Thirty-three oral sesame challenges were performed in 33 children. Sixty-one percent of patients had atopic dermatitis, 48% asthma, 45% history of anaphylaxis to another food, and 24% had a first-degree relative with food allergy. Of the 33 oral sesame challenges performed, 21% (N=7) were assessed as positive and 79% (N=26) as negative. Of the symptoms provoked by the oral food challenge, 71% were cutaneous, 43% gastrointestinal, 29% involved mucous membranes, 29% involved the lower respiratory tract, and 29% manifested as anaphylaxis.
Of the 33 patients suspected of having a sesame allergy, 7 had never ingested sesame but had positive testing. Of these 7 patients, 3 failed the oral challenge (see Table I). In addition, 9 of the 33 patients were tested via sesame-specific IgE level and/or SPT to confirm a clinical reaction to sesame while the remaining patients were screened due to the presence of other food allergies such as peanut and tree nuts. The clinical allergic reactions in these 9 patients included urticaria, lip swelling, possible anaphylaxis, and worsening eczema with ingestion. Interestingly, these 9 patients passed the oral challenge.
Eighteen of 26 (69%) sesame tolerant children had a positive ImmunoCAP test. Eleven (42%) sesame tolerant children had a positive SPT. Two of 7 (29%) sesame allergic children had a negative SPT result, one of which also had a negative ImmunoCAP test (see Table 1 – patient 3). This patient previously tolerated sesame but began restricting it from the diet based on positive testing performed in the past as part of screening for peanut and tree nut allergies.
With respect to sesame-specific IgE, sensitivity was highest at a lower cutoff value, whereas specificity increased at higher values (see Table II). A positive ImmunoCAP test demonstrated 71% sensitivity, 31% specificity, 22% positive predictive value (PPV), and 80% negative predictive value (NPV). The negative predictive value increased up to a threshold of 1 kUA/L. A sesame-specific IgE level ≥ 7 kUA/L demonstrated specificity > 90%. ROC curve analysis for sesame-specific IgE revealed an area under the curve (AUC) of 0.56 (see Figure 1). For varying SPT cut-offs, sensitivity was highest at a lower cutoff value and specificity increased at higher values (see Table III). A positive SPT demonstrated 71% sensitivity, 58% specificity, 31% PPV, and 88% NPV. A SPT wheal size ≥ 6 mm demonstrated specificity > 90%. ROC curve analysis for SPT wheal size revealed an AUC of 0.67 (see Figure 1).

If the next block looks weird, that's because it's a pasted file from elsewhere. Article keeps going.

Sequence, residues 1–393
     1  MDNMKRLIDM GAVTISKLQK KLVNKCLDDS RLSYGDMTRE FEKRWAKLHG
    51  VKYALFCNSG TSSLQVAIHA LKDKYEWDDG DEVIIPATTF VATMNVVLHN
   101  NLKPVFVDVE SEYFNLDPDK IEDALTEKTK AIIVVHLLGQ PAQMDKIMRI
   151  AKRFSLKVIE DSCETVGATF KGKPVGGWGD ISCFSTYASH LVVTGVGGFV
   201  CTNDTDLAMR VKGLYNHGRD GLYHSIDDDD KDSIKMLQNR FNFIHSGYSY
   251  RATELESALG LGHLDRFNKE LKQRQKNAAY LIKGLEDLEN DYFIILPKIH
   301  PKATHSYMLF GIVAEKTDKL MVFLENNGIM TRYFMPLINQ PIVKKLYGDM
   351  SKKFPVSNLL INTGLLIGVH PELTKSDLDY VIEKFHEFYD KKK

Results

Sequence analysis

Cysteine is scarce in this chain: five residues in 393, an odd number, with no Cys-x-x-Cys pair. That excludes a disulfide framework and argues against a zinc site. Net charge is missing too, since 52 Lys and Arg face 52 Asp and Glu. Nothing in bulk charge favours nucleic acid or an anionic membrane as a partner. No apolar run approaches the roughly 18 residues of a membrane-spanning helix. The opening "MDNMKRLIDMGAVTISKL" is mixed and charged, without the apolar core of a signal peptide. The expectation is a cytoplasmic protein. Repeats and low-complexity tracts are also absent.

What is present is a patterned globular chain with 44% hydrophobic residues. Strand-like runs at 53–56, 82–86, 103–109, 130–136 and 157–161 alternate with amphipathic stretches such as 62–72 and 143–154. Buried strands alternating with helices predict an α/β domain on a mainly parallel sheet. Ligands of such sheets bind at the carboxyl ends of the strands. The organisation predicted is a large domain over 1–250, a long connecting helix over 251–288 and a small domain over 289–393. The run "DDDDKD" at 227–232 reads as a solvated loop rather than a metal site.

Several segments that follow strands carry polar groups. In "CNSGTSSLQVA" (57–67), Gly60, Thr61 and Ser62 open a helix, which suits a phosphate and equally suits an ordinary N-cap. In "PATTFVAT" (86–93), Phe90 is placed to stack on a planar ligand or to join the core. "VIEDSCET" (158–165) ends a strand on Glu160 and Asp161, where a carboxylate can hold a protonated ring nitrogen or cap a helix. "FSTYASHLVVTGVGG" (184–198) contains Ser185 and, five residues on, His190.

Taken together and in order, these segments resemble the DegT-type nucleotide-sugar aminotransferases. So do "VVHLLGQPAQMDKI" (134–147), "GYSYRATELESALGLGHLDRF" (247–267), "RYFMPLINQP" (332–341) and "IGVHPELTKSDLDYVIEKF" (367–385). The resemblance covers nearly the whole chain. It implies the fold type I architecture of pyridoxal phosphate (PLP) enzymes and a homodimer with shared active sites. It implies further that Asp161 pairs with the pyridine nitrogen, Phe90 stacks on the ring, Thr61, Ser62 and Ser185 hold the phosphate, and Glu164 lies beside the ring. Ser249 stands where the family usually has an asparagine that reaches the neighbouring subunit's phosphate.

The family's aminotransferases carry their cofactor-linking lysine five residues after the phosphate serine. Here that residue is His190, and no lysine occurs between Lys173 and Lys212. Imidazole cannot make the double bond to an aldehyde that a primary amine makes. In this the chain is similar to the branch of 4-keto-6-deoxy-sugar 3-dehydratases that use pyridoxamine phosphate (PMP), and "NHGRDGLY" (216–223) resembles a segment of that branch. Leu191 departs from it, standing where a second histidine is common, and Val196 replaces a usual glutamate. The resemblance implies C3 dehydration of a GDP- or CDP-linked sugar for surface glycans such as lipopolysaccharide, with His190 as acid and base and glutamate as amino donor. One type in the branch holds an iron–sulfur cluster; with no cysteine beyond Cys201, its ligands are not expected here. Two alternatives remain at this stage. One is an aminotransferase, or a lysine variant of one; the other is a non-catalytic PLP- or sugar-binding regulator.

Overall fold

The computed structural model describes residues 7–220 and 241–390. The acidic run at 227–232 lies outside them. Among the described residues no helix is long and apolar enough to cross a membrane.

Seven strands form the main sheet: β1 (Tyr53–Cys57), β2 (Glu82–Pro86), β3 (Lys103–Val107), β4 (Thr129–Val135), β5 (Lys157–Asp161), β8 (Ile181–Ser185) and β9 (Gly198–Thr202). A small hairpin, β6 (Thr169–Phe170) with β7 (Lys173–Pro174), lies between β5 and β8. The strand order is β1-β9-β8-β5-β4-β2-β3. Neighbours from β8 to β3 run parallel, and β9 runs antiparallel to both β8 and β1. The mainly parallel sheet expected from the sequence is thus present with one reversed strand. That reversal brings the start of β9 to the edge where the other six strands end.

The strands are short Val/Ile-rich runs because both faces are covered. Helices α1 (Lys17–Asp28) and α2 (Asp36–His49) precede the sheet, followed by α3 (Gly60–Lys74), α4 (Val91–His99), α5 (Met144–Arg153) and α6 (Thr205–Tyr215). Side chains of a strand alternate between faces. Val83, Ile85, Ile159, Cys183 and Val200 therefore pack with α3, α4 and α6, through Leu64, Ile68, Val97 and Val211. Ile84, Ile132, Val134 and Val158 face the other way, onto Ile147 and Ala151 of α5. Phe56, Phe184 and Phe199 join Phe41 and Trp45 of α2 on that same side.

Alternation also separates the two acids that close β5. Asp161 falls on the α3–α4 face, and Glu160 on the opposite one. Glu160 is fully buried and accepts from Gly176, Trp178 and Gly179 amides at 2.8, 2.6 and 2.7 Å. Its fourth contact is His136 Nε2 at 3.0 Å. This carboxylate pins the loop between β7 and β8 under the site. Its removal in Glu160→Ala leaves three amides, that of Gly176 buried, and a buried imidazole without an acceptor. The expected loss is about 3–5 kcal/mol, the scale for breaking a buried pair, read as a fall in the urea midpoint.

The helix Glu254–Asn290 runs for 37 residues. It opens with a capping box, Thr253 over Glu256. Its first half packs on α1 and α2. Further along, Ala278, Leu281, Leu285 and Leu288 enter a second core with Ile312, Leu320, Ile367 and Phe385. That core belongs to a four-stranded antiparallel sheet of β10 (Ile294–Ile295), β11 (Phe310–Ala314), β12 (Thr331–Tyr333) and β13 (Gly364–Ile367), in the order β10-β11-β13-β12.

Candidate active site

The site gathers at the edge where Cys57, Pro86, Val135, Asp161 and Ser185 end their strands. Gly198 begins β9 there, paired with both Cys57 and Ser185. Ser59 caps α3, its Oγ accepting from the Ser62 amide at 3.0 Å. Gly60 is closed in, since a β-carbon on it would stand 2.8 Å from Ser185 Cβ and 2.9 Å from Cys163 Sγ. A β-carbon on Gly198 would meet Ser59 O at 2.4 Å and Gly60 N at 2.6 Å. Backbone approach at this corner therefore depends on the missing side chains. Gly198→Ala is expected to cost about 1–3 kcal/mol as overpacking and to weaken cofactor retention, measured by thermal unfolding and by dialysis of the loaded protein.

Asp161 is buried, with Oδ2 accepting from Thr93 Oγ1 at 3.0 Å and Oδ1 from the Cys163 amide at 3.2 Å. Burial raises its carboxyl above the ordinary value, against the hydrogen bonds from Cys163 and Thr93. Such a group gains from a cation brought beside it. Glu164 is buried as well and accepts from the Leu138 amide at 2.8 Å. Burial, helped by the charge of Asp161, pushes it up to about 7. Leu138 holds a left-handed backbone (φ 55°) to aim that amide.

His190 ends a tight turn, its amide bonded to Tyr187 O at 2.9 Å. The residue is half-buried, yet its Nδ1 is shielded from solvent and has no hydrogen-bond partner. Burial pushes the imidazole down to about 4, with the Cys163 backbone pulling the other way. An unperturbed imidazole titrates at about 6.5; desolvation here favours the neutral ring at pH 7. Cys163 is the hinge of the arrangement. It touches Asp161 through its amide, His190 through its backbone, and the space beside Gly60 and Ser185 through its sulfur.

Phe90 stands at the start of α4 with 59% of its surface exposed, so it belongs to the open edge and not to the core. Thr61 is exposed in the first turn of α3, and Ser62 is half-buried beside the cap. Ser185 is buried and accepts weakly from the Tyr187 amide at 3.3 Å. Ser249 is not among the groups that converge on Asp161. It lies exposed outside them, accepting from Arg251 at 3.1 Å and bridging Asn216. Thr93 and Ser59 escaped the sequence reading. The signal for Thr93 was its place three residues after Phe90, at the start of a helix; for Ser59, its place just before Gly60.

The prevalence of sesame allergy varies geographically with increasing prevalence in regions with greatest exposure. Sesame is a common food allergen in countries such as Israel, Japan and Europe where it is regularly consumed in the diet. It is becoming more common in the American diet due to immigration and globalization and as a result has become an emerging cause of severe allergy in the U.S.
We know that direct exposure to sesame causes sensitization but it has been hypothesized that there may also be cross-reactivity between peanut and sesame allergies. Ho et al. reported a high rate of sesame sensitization (27.5%) in persistent peanut allergic children despite complete restriction of sesame from the diet, suggesting antigenic cross-reactivity.12 A proposed mechanism cited for this cross-reactivity includes homology among the seed storage proteins and oleosins.2 Major allergenic seed storage proteins described for sesame seed are Ses i 1, Ses i 2, and Ses i 3.13 Oleosins (Ses i 4 and Ses i 5) are oil body proteins and have recently been described as major allergens in sesame, hazelnuts, and peanuts.2, 13 Given this concern for cross-reactivity between peanut and sesame, many allergists are screening peanut allergic children for sesame allergy by specific IgE level and/or SPT. As a result, there are more sesame sensitized children than ever before. However, it remains unclear whether sesame sensitization implies clinical reactivity.
The aim of this study was to elucidate the predictive relationship of sesame-specific IgE and SPT results to sesame challenge outcomes. While we did not find a diagnostic decision point for sesame SPT, there was a trend for more predictability with SPT compared to sesame-specific IgE (see Figures 2A and 2B). The SPT AUC was higher than for sesame-specific IgE although not significant. It is noteworthy that 69% of children passing the sesame oral food challenge exhibited a positive ImmunoCAP test; 39% of these children had a level > 2.0 kUA/L.